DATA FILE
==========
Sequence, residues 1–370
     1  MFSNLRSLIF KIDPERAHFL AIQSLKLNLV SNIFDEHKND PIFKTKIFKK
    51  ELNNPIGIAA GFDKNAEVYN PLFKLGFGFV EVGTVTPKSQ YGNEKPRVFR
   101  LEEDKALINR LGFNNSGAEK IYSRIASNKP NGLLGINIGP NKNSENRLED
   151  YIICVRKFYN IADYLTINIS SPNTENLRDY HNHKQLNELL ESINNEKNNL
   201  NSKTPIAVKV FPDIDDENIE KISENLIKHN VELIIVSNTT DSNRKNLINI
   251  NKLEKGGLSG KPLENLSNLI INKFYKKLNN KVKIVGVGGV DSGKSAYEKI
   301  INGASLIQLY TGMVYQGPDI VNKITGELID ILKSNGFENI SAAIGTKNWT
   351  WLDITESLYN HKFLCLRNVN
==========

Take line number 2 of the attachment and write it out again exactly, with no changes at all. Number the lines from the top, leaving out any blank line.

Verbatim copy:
     1  MFSNLRSLIF KIDPERAHFL AIQSLKLNLV SNIFDEHKND PIFKTKIFKK